The Trussell Trust runs a network of over 400 foodbanks. In the last year 1,182,954 three-day emergency food supplies were given to people in crisis. 436,938 of these went to children. The public donated 11,175 tonnes of food. 40,000 people volunteered across the country.
But statistics are difficult to understand. The value and impact are almost lost in incomprehensible numbers. In order to truly understand and feel the work of The Trussell Trust, I wanted to know what made a centre tick. So I started on our doorstep, in Islington.
Welcomed in the door with a cuppa and a biscuit, I was immediately at ease – the same feeling extended to each individual as they come to collect their food parcel. Everyone who comes through the door has been referred to by an external service; the council, job centres, outreach programmes.
The food parcel given provides 3 meals a day for 3 days - but at this food bank, it is about so much more than just this exchange. Volunteers sit down and offer a listening ear. Each client is asked - do you have access to a hob, a tin opener, a kettle? – questions that are so easily taken for granted.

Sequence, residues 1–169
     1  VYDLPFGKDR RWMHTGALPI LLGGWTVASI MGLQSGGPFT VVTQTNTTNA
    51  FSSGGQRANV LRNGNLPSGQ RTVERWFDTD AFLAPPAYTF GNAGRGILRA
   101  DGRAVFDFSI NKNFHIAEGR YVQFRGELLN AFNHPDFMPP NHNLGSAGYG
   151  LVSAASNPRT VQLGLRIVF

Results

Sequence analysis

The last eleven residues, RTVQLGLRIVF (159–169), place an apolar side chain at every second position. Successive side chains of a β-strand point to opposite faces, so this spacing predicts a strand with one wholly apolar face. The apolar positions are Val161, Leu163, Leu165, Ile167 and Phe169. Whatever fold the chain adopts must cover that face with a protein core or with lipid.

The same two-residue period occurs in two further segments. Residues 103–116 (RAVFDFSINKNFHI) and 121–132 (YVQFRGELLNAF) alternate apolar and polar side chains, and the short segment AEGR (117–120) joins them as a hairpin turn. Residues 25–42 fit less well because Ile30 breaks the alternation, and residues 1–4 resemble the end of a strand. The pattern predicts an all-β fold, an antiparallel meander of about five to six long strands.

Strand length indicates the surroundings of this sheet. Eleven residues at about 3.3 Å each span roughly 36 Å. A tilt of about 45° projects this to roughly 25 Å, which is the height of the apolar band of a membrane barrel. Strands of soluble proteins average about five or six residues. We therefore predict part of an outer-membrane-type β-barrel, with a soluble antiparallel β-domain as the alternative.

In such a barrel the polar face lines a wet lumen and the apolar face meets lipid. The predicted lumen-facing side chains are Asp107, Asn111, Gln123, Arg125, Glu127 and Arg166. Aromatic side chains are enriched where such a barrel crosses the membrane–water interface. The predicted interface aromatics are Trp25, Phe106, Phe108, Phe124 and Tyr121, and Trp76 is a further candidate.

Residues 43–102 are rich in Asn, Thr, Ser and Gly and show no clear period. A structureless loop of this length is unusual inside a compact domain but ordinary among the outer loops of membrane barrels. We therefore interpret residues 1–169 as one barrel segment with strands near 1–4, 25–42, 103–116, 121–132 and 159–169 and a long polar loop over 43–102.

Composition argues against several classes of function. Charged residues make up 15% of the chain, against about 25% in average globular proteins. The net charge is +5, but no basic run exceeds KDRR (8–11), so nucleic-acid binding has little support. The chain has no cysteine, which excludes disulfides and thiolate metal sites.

The sense of community here is strong, there is no sense of shame, but dignity. Dignity in accepting help, and stepping on that first rung of the ladder. One individual who was volunteering in the warehouse that day, had also visited the foodbank himself just a few hours earlier to pick up a parcel.
Although sadly the role of bureaucracy can't be avoided forever, and the foodbank can only ever be a short-term, finite solution. Each individual is limited in coming 12 times each calendar year, no matter what their circumstances.
That's 329 days a year where help is denied, which somehow doesn't quite seem right to me. It also begs the question of whether the provision of emergency food to our most vulnerable is the job of the third sector, or the government's.
But that's for another day...